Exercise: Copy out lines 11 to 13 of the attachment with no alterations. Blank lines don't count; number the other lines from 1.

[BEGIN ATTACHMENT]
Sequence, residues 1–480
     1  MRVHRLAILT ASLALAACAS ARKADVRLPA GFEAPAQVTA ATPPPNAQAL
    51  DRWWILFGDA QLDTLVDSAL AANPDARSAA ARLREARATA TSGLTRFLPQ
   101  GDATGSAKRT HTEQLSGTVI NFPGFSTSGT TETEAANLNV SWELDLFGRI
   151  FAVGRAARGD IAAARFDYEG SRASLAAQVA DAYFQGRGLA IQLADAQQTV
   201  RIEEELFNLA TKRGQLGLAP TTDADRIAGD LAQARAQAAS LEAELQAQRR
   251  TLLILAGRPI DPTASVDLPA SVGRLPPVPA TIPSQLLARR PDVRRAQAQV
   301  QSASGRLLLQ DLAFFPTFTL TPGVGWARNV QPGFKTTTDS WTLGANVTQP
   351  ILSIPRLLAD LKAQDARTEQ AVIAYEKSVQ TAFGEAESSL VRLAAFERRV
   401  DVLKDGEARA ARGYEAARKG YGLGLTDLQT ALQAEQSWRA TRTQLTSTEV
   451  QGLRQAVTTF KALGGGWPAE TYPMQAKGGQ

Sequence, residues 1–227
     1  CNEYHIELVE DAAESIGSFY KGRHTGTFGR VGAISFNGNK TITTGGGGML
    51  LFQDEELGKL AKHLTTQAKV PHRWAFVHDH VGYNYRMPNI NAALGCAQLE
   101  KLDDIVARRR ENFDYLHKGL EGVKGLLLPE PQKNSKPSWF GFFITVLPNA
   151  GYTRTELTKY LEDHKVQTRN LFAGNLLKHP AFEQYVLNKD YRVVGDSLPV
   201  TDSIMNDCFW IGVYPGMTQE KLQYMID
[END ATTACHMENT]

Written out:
   451  QGLRQAVTTF KALGGGWPAE TYPMQAKGGQ

Sequence, residues 1–227
     1  CNEYHIELVE DAAESIGSFY KGRHTGTFGR VGAISFNGNK TITTGGGGML